Chicago tour showcases coldest areas in the city

Steve Miller

Owner Emeritus
Staff member
Jun 14, 2004
Moore, OK
Arctic temperatures are blasting into Chicago with this February on pace to be tied for the coldest in history.
And as if it couldn't get any colder, those who are brave enough can actually experience some of the coldest spots in the city.

Believe it or not, people actually pay to walk around Chicago in the dead of winter to see if they can handle the numbing temperatures.

“I feel like today, this is maybe the coldest spot in Chicago. The wind is coming from all directions, we are basically standing in the middle of the lake,” said Margaret Hicks.

Standing on a pier off of Monroe Street and Lake Shore Drive, it's easy to see that Lake Michigan is now one giant sheet of ice.

“It gets as low as about 26 degrees, and here's my little factoid: the titanic water was 28 degrees,” Hicks said.

Fall in that water and you will have 15 minutes before you become delirious, and then unconscious. After 30 minutes or more, you could die.

“We can't do any touring in the boats, but that's okay, it's beautiful to see,” said Jean Baptiste.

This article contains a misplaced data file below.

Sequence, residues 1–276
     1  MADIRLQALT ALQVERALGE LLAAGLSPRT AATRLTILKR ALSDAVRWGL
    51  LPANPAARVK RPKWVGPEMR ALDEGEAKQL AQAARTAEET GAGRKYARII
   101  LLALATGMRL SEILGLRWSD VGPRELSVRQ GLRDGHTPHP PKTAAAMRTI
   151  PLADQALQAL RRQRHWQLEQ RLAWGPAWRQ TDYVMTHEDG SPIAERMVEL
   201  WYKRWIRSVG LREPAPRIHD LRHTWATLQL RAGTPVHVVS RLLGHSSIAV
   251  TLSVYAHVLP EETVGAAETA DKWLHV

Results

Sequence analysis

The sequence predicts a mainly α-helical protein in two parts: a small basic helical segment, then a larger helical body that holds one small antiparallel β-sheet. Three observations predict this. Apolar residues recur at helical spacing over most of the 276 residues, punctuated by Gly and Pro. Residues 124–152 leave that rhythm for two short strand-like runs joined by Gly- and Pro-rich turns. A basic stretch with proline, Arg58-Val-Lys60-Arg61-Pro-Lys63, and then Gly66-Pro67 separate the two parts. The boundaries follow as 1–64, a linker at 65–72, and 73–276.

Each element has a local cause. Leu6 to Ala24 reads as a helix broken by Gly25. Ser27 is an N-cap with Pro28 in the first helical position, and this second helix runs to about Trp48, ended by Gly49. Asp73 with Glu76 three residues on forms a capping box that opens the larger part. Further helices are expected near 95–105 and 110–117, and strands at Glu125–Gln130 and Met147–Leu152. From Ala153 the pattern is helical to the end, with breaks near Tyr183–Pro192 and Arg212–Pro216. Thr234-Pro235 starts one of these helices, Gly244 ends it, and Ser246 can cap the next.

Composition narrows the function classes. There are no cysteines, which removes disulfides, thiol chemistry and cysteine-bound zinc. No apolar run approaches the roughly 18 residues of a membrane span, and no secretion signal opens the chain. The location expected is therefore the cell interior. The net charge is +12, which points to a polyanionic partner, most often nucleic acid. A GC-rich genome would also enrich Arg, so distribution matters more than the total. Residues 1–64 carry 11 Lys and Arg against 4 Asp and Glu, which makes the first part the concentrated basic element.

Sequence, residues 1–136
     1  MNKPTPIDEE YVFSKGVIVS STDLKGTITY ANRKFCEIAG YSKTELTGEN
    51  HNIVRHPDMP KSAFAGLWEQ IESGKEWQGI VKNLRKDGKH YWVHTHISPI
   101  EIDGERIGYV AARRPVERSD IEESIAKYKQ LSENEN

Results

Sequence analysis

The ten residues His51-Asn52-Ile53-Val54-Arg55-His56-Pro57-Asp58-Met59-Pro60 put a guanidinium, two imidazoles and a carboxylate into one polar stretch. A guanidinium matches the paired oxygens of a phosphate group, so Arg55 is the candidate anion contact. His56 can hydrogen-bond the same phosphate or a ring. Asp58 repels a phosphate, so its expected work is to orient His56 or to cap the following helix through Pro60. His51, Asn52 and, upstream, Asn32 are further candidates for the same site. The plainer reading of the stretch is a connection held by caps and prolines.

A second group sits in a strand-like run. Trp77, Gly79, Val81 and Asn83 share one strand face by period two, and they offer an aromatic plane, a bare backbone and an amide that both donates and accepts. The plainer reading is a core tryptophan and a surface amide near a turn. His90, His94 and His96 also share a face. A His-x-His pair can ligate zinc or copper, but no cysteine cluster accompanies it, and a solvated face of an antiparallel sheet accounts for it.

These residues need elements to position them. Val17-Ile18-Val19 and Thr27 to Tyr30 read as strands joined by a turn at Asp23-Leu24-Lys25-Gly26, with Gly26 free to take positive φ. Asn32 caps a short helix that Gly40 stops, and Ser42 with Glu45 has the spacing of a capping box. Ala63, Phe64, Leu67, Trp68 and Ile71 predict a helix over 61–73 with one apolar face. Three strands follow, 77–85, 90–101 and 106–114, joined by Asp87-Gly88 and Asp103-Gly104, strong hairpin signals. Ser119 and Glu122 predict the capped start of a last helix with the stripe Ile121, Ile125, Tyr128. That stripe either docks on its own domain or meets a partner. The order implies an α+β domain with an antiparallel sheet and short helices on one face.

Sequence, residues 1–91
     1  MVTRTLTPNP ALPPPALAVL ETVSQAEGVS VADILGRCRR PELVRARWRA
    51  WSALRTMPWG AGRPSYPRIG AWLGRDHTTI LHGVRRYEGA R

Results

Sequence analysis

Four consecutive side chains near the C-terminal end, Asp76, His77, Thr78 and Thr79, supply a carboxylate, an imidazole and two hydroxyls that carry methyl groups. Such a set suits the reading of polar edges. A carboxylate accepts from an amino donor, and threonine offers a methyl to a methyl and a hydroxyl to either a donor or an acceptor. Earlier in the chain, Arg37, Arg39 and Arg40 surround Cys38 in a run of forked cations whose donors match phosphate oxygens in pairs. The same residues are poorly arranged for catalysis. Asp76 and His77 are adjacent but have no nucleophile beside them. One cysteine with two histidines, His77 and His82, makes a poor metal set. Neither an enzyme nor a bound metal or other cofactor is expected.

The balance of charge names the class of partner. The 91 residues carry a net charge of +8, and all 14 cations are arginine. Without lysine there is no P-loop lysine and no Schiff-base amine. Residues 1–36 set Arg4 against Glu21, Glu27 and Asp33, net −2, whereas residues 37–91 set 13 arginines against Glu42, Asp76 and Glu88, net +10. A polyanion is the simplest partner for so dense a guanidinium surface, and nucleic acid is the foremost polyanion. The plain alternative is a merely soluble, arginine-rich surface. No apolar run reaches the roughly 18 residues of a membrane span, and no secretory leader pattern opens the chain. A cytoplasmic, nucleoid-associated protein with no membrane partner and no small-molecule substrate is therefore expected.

Believe it or not, it's a Chicago tour stop. The heavy weather winter tour is not for the faint of heart, or the thinly dressed.

“You put on the long underwear and you put the socks over the long underwear, and then you put the jeans over the socks over the long underwear, and then you put on the boots and seal that in,” Hicks added.

Covering every inch of skin is a must when navigating in between the skyscrapers in downtown Chicago, where these steel and concrete canyons turn into wind tunnels.

At a windchill of negative 20 degrees or lower, frostbite can occur in minutes.

“We came with our European coats and maybe it was a little light for here, but it's okay,” Baptiste said.

At Maggie Daley Park where steel meets snow, the stark views will take your breath away.

“In the winter without the trees, you can see right to the bean from here,” Hicks said.

Of the four seasons, winter gets the most attention.

“If you love Chicago, you've got to love it in the winter,” Hicks added.

The good news is while February may end up tying as the coldest February in history, besides the blizzard, there's been hardly any snow.
Nov 18, 2006
Chicago, IL
I sure hope that article was satire. If they were serious, they would head out west about an hour to get away from the urban heat island. The city proper is often 10-15 degrees warmer on those brutally cold northern IL nights.